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Age related differences of gaze patterns in real pedestrian traffic tasks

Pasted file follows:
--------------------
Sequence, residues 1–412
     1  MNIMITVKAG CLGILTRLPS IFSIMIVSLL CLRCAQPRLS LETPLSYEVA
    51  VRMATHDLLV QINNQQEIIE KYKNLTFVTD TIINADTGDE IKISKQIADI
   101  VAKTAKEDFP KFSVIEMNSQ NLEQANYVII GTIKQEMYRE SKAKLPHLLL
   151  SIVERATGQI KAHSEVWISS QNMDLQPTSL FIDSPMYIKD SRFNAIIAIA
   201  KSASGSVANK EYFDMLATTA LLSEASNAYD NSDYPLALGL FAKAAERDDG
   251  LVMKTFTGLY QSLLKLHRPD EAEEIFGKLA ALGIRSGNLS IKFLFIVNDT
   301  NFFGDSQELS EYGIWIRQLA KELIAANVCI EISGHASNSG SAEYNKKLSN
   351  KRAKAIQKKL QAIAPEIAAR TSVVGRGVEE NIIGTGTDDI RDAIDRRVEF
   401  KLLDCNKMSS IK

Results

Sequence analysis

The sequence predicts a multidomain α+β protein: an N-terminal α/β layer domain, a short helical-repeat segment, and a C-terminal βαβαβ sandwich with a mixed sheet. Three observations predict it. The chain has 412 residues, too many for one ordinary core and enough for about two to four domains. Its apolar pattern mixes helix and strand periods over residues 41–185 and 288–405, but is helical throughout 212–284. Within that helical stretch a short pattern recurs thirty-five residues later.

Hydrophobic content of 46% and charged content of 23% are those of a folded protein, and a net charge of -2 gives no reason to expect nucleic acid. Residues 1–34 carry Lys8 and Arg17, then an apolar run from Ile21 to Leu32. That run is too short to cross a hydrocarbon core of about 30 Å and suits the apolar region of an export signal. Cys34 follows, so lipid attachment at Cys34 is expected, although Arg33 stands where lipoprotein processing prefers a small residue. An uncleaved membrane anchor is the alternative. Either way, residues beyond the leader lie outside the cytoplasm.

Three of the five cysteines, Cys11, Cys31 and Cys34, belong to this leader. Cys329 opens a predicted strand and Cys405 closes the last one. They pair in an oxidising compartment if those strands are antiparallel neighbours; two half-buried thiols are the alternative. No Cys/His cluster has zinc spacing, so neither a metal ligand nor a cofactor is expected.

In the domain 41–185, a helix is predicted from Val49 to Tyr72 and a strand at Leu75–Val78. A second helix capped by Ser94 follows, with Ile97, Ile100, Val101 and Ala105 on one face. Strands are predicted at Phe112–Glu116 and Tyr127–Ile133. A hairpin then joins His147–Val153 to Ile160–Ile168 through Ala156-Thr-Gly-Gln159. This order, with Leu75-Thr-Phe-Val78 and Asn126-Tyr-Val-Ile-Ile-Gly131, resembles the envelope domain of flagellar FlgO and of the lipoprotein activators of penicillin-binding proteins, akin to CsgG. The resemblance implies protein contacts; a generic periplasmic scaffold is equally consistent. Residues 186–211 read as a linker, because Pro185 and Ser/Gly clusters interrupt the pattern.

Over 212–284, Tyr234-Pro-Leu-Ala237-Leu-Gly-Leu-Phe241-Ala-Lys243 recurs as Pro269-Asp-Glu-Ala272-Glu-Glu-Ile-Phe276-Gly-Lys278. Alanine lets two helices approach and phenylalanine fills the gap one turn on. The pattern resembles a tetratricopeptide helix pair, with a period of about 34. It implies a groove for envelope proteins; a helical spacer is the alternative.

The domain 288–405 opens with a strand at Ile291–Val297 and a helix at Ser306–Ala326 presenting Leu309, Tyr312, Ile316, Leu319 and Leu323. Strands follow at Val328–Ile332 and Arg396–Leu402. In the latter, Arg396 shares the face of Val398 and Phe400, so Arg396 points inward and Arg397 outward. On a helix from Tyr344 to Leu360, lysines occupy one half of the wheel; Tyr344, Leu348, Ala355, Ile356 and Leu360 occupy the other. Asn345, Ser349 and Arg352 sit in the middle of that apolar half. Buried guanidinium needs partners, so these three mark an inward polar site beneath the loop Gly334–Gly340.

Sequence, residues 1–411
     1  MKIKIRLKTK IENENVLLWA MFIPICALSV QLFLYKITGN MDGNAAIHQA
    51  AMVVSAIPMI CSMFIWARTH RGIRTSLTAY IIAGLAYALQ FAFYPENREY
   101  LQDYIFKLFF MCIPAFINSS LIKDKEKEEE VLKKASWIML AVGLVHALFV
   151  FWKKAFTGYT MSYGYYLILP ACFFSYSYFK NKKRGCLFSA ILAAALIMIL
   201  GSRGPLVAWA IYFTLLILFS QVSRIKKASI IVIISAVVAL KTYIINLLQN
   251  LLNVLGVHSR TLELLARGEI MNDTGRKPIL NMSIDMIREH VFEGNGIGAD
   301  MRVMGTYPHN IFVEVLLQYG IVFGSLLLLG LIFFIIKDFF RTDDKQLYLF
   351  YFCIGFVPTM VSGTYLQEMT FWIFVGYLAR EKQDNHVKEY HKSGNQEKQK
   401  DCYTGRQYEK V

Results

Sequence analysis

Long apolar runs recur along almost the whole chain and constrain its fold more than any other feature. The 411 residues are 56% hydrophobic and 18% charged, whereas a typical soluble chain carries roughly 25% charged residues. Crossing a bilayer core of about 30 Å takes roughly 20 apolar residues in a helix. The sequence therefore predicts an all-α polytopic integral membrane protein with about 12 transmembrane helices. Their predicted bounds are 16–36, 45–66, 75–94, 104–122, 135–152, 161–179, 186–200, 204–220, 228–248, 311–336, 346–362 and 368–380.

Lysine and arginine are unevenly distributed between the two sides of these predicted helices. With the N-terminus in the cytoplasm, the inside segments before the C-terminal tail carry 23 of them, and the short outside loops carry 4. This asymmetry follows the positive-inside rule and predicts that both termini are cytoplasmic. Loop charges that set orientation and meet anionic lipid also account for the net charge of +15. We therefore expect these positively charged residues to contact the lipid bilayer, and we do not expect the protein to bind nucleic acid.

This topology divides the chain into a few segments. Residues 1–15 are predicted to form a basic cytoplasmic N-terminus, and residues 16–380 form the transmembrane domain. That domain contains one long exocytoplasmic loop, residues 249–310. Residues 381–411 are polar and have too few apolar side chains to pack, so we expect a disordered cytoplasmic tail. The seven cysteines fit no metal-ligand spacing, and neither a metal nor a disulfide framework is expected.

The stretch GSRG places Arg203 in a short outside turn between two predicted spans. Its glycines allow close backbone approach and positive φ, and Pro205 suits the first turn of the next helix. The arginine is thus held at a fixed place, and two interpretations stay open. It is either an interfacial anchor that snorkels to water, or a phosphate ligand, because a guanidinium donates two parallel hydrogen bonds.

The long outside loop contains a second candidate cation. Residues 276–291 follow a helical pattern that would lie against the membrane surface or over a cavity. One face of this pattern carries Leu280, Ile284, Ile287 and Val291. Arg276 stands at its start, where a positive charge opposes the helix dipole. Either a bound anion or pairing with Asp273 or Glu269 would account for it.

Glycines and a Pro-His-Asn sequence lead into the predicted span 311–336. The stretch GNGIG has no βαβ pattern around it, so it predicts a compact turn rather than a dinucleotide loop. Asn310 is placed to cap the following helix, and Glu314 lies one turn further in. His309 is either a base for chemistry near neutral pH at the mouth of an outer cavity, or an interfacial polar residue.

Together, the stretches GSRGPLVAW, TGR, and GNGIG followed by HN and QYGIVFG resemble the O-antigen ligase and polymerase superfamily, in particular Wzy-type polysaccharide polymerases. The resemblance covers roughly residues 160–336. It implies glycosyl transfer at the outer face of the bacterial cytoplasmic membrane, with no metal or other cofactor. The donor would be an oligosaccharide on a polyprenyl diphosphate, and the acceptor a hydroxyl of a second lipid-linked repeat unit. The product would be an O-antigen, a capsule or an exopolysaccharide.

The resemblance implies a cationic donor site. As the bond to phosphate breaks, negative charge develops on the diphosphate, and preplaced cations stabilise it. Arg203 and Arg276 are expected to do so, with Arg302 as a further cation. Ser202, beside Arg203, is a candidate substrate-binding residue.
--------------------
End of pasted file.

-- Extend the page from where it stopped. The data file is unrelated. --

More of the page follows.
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  • Save International Journal of Applied Psychology 2015, 5(1): 13-19 DOI: 10.5923/j.ijap.20150501.03 Age-Related Differences of the Gaze Pattern in a Realistic Pedestrian Traffic Task Otmar Bock1,*, Paolo Riccardo Brustio2, Steliana Borisova3 1Institute of Physiology and Anatomy, German Sport University, Cologne, Germany 2Department of Psychology, University of Torino, Torino, Italy 3Institute of Neurobiology, Bulgarian Academy of Sciences, Sofia, Bulgaria Abstract Laboratory studies suggest that the gaze pattern changes in older age, both in seated and in walking persons. Here we investigate the gaze pattern in a more complex and realistic scenario: walking in a virtual-reality shopping precinct. Seventeen young and sixteen older adults walked at their preferred speed on a treadmill driven by their leg movements, thus controlling the presentation of a virtual 3D world on a screen 130 cm ahead. The screen showed a shopping street with stationary and moving objects, and with six pedestrian traffic lights of whom three turned red upon approach. Gaze direction was registered by a video-based system. We found that each glance at a traffic light took longer in older than in young persons, and the sum of all glances at a traffic light was longer as well. In effect, older persons looked at the traffic light equally long throughout all three light phases, while young ones gradually increased their inspection of the traffic light as the green phase went on. The observed change of the gaze pattern in older age could represent a compensatory strategy to facilitate spatial orientation and/or movement preparation, or it could reflect a deficit of gaze disengagement. Future research should disambiguate these alternatives. In any case, the observed change is detrimental for seniors’ sensorimotor performance in everyday scenarios. Keywords Virtual reality, Locomotion, Fixation, Ecological validity 1. Introduction It is well established that the human gaze pattern changes with advancing age. The latency of saccadic eye movements increases while their speed and accuracy declines [1-3]. The visual inspection of static and dynamic displays takes a longer time as the number of saccades increases, with no change of saccadic frequency [4, 5]. Older observers spend more time looking at fewer objects [4, 6], they refixate already inspected objects more often [4, 5, see however 7], and their ability to suppress undesired automated saccades is degraded [8-10]. The above findings were yielded in well-controlled laboratory settings, where subjects sat in front of a computer display and were instructed to perform one given task. The outcome may not necessarily be replicable under situations of everyday life where persons move about, interact with an ever-changing environment, keep track of multiple concurrent tasks, produce self-initiated, complex actions and pursue ecologically valid goals rather than obeying experimenter instructions. Previous work has shown that age-related changes of manual performance * Corresponding author: (Otmar Bock) Published online at Copyright © 2015 Scientific & Academic Publishing. All Rights Reserved [11, 12], locomotion [13] and cognitive skills [14] are dramatically different in an everyday-like context and in a typical laboratory context, and age-related changes of the gaze pattern may therefore be different as well. Only few studies investigated the gaze pattern of young and older persons in a natural or in a close-to-natural context. This work documented that older persons, standing at a curbside, lower their gaze for longer time to the walkway than young persons do [15]; furthermore, when older persons approach stairs or other obstacles, they direct their gaze earlier and for a longer time at the upcoming stair or obstacle [16-20]. Both findings have been interpreted as evidence for a compensatory strategy, which helps to overcome age-related deficits of postural control [15, 17, 18]. However, this strategy might defeat its own purpose: when seniors keep their gaze for a longer time on one given object, they may miss other relevant objects around them. As a consequence, seniors’ ability to observe oncoming traffic [21, 22] and to negotiate complex obstacled terrains [23, 24] might be compromised. The present study investigates whether the gaze of older persons is drawn specifically to objects that threaten their postural stability, such as stairs and obstacles, or rather is attracted by other objects as well. Specifically, we evaluate whether it also is attracted by pedestrian traffic lights. We test young and older subjects in a virtual-reality scenario that approximates a realistic everyday activity: subjects 14 Otmar Bock et al.: Age-Related Differences of the Gaze Pattern in a Realistic Pedestrian Traffic Task walk down a shopping precinct, interact with various events and meet pedestrian traffic lights that may or may not turn red. We document that the gaze of older persons dwells longer on those traffic lights than that of young ones. Since traffic lights are not specifically relevant for postural control, our finding doesn’t support the posture-first interpretation. 2. Methods Seventeen young (age range 20-30, mean age 24.51 ±3.58, 8 females) and sixteen older persons (age range 60-80, mean age 66.15 ±5.73, 6 females) participated. All were naïve to the purposes of our study, had no sensorimotor or cognitive deficits by inspection and self-report, and had normal or corrected-to-normal vision. All subjects lived independently in the community, found their way to the university campus and to our research facility at the agreed-upon day and time, navigated through the facility’s hallways and staircases without need for help, and followed our verbal instructions without need for lengthy explanations or reminders. From this we concluded that they were in good physical and mental health, and decided to spare them lengthy screening tests (MMSE, leg force, O2-kinetics) which they would have passed anyways. The study was pre-approved by the Ethics committee of the German Sport University, and all participants signed an informed consent statement. A computer-generated, three-dimensional world representing a pedestrian precinct was displayed on a 106 cm wide and 110 cm high screen, located at eye level about 130 cm ahead of the participant. The displayed vantage point travelled through the 3D world at a speed that was proportional to the speed of a treadmill placed in front of the screen. This was a simple non-motorized treadmill, driven by the participants’ legs, whose momentary position was registered by a potentiometer and passed on to the graphics software. Thus in effect, subjects walked on the treadmill at their self-selected speed and saw the virtual shopping precinct moving by at a commensurate speed. When they slowed down, the virtual world slowed down as well; when they stopped, the virtual world also stopped. Participants reported this to be a realistic and immersive experience. To avoid physical and mental fatigue, we decided to keep the experiment short. The duration of a session varied in dependence on the participants’ individual walking speed, but it didn’t exceed 8 minutes for any participant. During the session, participants walked by trees, bushes, benches, hydrants, mailboxes, cats, windblown newspapers and shops with various window displays. These events required no response, but other events did:  When they encountered an oncoming pedestrian, participants should verbally indicate that person’s gender.  When they approached a cat crossing the walkway, participants should slow down and let the cat pass (an angry cry was issued when they didn’t slow down).  When they approached an intersecting road, participants had to obey the pedestrian traffic light located on the opposite side of the road, i.e., they were allowed to walk on if the light remained green, but had to stop and wait for the next green phase if the light turned amber and red. The sequence of events was the same for all subjects. There was a total of 30 events, among whom the 4th, 8th and 20th event was a traffic light that changed color while the 11th, 12th and 26th event was a traffic light that remained green. The present study deals with the participants’ eye movements before and after a traffic light changed color. Eye position was registered with a head-mounted tracking system (Mobile Eye XG, Applied Science Laboratories, Bedford, MA, USA) with a sampling rate of 30 Hz and accuracy of 0.5 to 1.0 deg. The system was individually calibrated for each participant at the onset of the experiment. Because of technical problems, no useful eye data were available from one older subject during the first, and another older subject during the third presentation of a traffic light that changed color. We decided not to exclude these subjects, and rather to base our analyses on scores averaged across all available (two or three) presentations. As a safeguard, we replicated the analyses after excluding the two older subjects and we still yielded the same significance pattern. The eye tracker provided video footage of the screen located in front of the participant, superposed with symbols representing the location of each gaze fixation. We defined in each video frame a region of interest (ROI) that coincided with the traffic light, and determined the following parameters for each event on which a traffic light changed color:  total gaze time (cumulative duration of all fixations within the ROI)  number of glances (number of gaze changes from elsewhere into the ROI)  mean glance duration (total gaze time / number of glances) All three parameters were calculated separately for two time intervals, once for the last 1.75 s before the onset of amber, and once for the first 1.75 s after the onset of amber (1.75 s was the longest interval for which valid data from all subjects were available). The outcome was then averaged across the three presentations of a color-changing traffic light. We then submitted the data to analyses of variance (ANOVAs), using the between-factor Age (young, older) and the within-factor Interval (before amber onset, after amber onset). For a more detailed view on the registered time-series of gaze positions, we calculated the percentage of subjects that fixated the traffic light in each video frame, starting with the frame registered 1.75 s before the onset of amber and ending with the frame registered 1.75 s after the onset of amber. We did this separately for each age group and each of the three traffic lights. Other data from this experiment will be analysed and communicated later. International Journal of Applied Psychology 2015, 5(1): 13-19 15 3. Results With total gaze time as dependent variable, ANOVA yielded no significance for Age (F(1,31) = 3.079; p > 0.05) and Color (F (1,31) = 1.614; p > 0.05). However, significance emerged for the interaction term, Age * Color (F (1,31) = 5.885; p < 0.05). Fig. 1 (a) illustrates that total gaze time was consistently high in older participants while in young ones, it was low during the green interval and increased thereafter. With mean glance duration as dependent variable, ANOVA yielded significance for Age (F (1,31) = 7.381; p < 0.05), but not for Color (F(1,31) = 1.650; p > 0.05) or Age * Color (F (1,31) = 1.533; p > 0.05). Fig. 1 (b) shows that on the average, each glance at the traffic light took about 50% longer in the older as compared to the young participants. With the number of glances as dependent variable, ANOVA revealed no significance for Age (F (1,31) = 0.906; p > 0.05), Color (F(1,31) = 0.189; p > 0.05) or Age * Color (F (1,31) = 0.906; p > 0.05). The mean number of glances across age groups and colors was 1.64 ±0.38. For a more detailed view of the gaze pattern before and after a change of color, Fig. 2 illustrates the percentage of participants who fixated the traffic light in each video frame. Relatively few young subjects did so 1.75 s before the onset of amber, but their percentage increased as the change of color drew nearer (see Fig. 2 a). The percentage remained high for about 0.5 s after the onset of amber, and then it rather quickly decreased again (see Fig. 2 b). This general pattern prevailed across all three encounters with a color-changing traffic light. Older participants exhibited a somewhat different gaze behavior: a higher percentage of persons watched the traffic light already 1.75 s before the onset of amber (see Fig. 2 c). No overt age differences emerged after the onset of amber (see Fig. 2 d). Again, the general pattern prevailed across all three encounters with a color-changing traffic light. Figure 1. Total gaze time (a) and mean glance duration (b) of the young (solid line) and the older subjects (dashed line) across the three traffic lights during the last 1.75 s before and the first 1.75 s after the onset of amber light. Symbols represent the across-subject mean of a given age group, and error brackets show the pertinent standard errors. 16 Otmar Bock et al.: Age-Related Differences of the Gaze Pattern in a Realistic Pedestrian Traffic Task The data of Fig. 2 are repotted in Fig. 3 in a more compact fashion. The percentage of subjects looking at the traffic light is averaged across blocks of 18 video frames and across all three instances where a traffic light turned red, i.e., we now have three blocks before and three blocks after the onset of amber. The general pattern of Fig. 2 can still be discerned. ANOVA with the between-factor Age and the within-factor Block revealed a significance for Age (F (1,34) = 19.70; p < 0.001), Block (F (5,170) = 84.10; p < 0.001) and Age * Block (F (5,170)=29.45; p < 0.001). Post-hoc decomposition of the interaction term with Tukey's HSD tests yielded highly significant age differences for the first and second block (p < 0.001), significant differences for the third block (p < 0.05) and no significant differences for the blocks after the onset of amber (p > 0.05). 4. Discussion We investigated the gaze pattern of young and older persons who walked in an everyday-like virtual-reality scenario, encountered various events which required no response (“distractors” in terminology of laboratory research) but also came upon events which required different responses. The present study focuses on one type of event, pedestrian traffic lights that changed color from green to red and thus required participants to stop. We compared the gaze pattern of young and older participants and found that each glance at a traffic light took longer in in the older group (i.e., effect of Age on mean glance duration). This corresponds to earlier data about the gaze pattern when inspecting stationary displays [25, 26], and may reflect a generalized slowing of visual processing in old age. We further found that the sum of all glances at a traffic light was longer in the older group as well; older participants looked at the traffic light intensely throughout the green, amber and red phase, while young participants gradually intensified their inspection of the traffic light as the green phase went on and the likelihood of a color change increased. International Journal of Applied Psychology 2015, 5(1): 13-19 17 Figure 2. Percentage of young (a, b) and older (c, d) subjects looking at the traffic light during the last 1.75 s before (a, c) and the first 1.75 s after the onset of amber (b, d). Solid lines represent the first traffic light that was encountered changing color, dashed lines the second and dotted lines the third Figure 3. Percentage of subjects looking at the traffic light during three time blocks before and three after the onset of amber. Each symbol is the mean across 18 video frames x three traffic lights, averaged across subjects from an age group 18 Otmar Bock et al.: Age-Related Differences of the Gaze Pattern in a Realistic Pedestrian Traffic Task Prolonged viewing of the traffic light in old age could be a sign of disinhibition: elderly persons have problems to suppress automated saccades towards potentially relevant objects [8, 10], possibly because prefrontal shrinkage [30] frees the “visual grasp reflex” of the midbrain [31] from higher-order control. Alternatively, prolonged viewing could be a compensatory strategy: just as longer glances at obstacles along the walking path may prevent trips and falls [17–20], longer glances at the traffic light may facilitate spatial orientation by minimizing eye and head movements [27], and may help preparing to stop by extending the available time [28, 29]. However, prolonged viewing also carries potential hazards: older persons who keep their gaze on the traffic light might miss other important events in their environment, such as uneven pavement or other pedestrians on a collision course. This should be taken into account when offering courses on traffic safety to older persons: it is important to teach participants not only to observe identified critical objects, but also to watch out for those that have not yet been identified. ACKNOWLEDGEMENTS Travel to the experimental laboratory was supported by a travel grant to P.R.B. from the Doctoral School in Human Sciences in the field of Anthropological, Pedagogical and Psychological Science at the University of Turin, and to S.B. from the Bulgarian Science Fund [BG051PO001/3.3-05-00 01]. Financial sponsors played no role in carrying out this work. The eye tracking system was kindly provided by a colleague of O.B. REFERENCES [1] Bono, F., Oliveri, R.L., Zappia, M., Aguglia, U., Puccio, G., Quattrone, A., 1996, Computerized analysis of eye movements as a function of age, Arch Gerontol Geriatr., 22(3), 261–269. [2] Moschner, C., and Baloh, R.W., 1994, Age-related changes in visual tracking, J Gerontol., 49(5), M235–238. [3] Paquette, C., and Fung, J., 2011, Old age affects gaze and postural coordination, Gait Posture, 33(2), 227–232. [4] Maltz, M., and Shinar, D., 1999, Eye movements of younger and older drivers, Hum Factors, 41(1), 15–25. 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